Triggers. They are no fun, to put it *very* mildly.

In case you don’t know what a trigger is (like I didn’t) here’s what they look like for me.

I see something, or hear something, and all of a sudden a memory of a Horrible Moment in my life shows up and I can’t stop feeling distressed.
The memory won’t go away, the distress won’t go away, and I can no longer function.

That’s what happens to me “now”. What used to happen, back before I started working with my stuff, is that I would see something I seriously disapproved, I would proceed to lose my marbles completely, the “thing” I saw would carry on playing in my mind, and I would rant and rant about how politically “wrong” it was.
Yeah… it wasn’t fun at all.

These days I can recognise a trigger when it happens, and then I can try things to work with it.

The thing is, triggers are doing their job. We all have Horrible Moments in our past that we have not been able to process.
If you were to ask a whole bunch of people “would you like to process some of those Horrible Moments right now?” the answer would probably be “NO!”. We *never* want to go back to the Horrible Moments.

Which is why we are dragged back to them by our subconscious until we get the message and work with our stuff around the Horrible Moment.

On this particular occasion, I was happily watching a comedy show when all of a sudden… TRIGGER!
I was “locked in”, and I had to work with my stuff around past Horrible Moment.
This is what I did: I wrote through the process.

Top SwirlyYou are living your life without much consequence. Then all of a sudden, BOOM, TRIGGER.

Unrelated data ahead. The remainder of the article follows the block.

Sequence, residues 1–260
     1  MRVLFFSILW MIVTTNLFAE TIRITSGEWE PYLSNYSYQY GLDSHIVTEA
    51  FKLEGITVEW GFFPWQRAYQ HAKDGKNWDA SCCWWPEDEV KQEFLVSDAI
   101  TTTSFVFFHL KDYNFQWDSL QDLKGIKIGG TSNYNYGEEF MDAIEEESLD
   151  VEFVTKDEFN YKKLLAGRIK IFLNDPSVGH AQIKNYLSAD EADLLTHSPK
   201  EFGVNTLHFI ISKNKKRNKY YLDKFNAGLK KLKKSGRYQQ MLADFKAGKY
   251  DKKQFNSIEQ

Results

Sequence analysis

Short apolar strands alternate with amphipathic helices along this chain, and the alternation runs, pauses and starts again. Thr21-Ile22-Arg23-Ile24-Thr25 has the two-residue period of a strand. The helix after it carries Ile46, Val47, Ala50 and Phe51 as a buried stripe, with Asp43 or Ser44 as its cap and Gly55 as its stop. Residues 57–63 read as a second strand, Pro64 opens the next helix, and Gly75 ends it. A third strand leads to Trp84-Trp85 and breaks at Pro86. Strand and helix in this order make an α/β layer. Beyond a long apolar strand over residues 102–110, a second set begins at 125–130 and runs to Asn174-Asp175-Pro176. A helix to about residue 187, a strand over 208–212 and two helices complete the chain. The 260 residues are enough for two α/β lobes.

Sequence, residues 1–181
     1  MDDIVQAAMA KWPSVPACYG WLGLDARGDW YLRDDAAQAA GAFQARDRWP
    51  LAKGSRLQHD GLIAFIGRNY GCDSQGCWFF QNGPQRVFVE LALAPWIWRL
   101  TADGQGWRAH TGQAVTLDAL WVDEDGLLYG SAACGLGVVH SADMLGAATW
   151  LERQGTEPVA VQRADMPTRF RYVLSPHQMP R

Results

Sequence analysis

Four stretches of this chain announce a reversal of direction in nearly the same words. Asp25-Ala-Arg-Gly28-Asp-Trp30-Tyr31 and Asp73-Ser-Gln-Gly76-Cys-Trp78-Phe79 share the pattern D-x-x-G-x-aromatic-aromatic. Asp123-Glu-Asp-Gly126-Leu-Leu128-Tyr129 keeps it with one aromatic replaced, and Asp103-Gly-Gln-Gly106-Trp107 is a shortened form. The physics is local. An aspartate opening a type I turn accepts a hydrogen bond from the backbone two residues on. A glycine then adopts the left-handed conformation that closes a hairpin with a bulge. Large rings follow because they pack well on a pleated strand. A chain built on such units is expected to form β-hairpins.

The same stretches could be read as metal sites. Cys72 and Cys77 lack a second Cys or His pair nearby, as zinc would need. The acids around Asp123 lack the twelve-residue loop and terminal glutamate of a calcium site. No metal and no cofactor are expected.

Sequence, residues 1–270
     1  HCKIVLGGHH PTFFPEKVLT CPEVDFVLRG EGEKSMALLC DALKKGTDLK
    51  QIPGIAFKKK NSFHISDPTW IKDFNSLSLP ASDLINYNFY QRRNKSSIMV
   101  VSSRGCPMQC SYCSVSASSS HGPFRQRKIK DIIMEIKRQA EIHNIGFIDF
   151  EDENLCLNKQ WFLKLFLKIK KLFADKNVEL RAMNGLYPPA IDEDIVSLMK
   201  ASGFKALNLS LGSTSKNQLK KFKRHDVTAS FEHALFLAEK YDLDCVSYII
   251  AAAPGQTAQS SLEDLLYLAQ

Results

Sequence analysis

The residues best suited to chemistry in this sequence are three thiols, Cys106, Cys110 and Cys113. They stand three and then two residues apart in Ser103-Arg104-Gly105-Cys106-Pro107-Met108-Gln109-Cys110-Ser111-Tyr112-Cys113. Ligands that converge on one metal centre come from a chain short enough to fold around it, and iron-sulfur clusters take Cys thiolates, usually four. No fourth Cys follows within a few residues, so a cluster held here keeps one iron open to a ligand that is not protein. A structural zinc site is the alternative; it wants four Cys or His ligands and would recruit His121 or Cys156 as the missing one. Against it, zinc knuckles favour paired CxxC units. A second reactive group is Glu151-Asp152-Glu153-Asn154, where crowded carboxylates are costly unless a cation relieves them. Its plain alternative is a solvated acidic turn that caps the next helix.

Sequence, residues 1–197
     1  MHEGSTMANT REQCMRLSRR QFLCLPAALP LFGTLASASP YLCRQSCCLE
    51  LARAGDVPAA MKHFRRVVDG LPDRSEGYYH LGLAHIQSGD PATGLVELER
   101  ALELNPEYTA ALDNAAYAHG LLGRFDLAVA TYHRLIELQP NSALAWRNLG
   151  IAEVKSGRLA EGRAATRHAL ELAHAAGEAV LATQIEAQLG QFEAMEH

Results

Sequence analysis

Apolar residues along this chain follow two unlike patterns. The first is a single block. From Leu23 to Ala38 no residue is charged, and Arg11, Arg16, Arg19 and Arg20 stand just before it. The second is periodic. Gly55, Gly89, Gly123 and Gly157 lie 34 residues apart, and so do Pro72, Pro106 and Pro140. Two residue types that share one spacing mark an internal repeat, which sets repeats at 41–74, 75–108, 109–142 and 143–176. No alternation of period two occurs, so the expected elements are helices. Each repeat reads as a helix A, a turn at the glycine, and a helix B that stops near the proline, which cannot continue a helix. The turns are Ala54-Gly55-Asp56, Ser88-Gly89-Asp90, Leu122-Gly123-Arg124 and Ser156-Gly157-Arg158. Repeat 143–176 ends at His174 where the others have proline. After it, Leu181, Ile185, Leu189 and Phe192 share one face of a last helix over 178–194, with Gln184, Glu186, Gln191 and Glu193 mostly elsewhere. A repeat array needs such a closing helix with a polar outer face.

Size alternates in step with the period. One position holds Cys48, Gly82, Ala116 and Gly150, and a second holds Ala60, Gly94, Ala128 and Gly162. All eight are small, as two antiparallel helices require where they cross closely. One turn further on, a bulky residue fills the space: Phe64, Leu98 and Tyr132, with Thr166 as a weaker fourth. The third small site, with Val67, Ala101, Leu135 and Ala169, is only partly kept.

It’s happened.
You can’t make it “un-happen”.
You saw what you saw and it’s playing in your head over and over. You can’t just “drop it”.

Your past memories are suddenly very much present in your mind. And you can’t make them go away just because you wish what happened hadn’t happened.
Your stuff is… “in the surface”.



I don’t want to deal with my stuff right now, dammit. I have better things to do!”.

Ah, yes. It’s never a good time to deal with stuff. With painful, old, traumatising memories of horrible things that “shouldn’t have happened”.

So, legitimacy for not wanting to deal with the stuff, dammit!

After that, a reality check: I’ve already been triggered.
And I’m now in a state of “trigger sensitivity”, ie: things that would normally not trigger me all that much suddenly become huge things, and I can’t deal with normal life anymore.

More argh.

Permission to feel all the frustration. All the anger.
All the feelings.

Trying Things

Next: engaging with my stuff in a “creative way” (because it’s the only way I can manage right now).

I don’t want to cry, I don’t want to remember, I don’t want to do yoga. None of the “hard things”.
I want to write about it as if it was helping someone else.
And that will give me the right amount of distance so I can process this without it getting “too much”.
Which is what I’m doing right now.

Using the anger: setting clear boundaries

I don’t want to discuss this with anyone. Ever. And I don’t have to. (Clause: Unless by some magical miracle I happen to encounter someone else on this planet who has a High Degree of Sensitivity on all Matters Related to s3x, and I feel comfortable enough around them.).
I definitely don’t want to discuss this with [Possible Male Companion I Might Meet One Day]. I mean it. I will never, ever, ever discuss this, or reveal it or, in no way, shape or form, will I defend my right to feel what I feel about what happened. I don’t have to reveal any aspect of this, and that is that.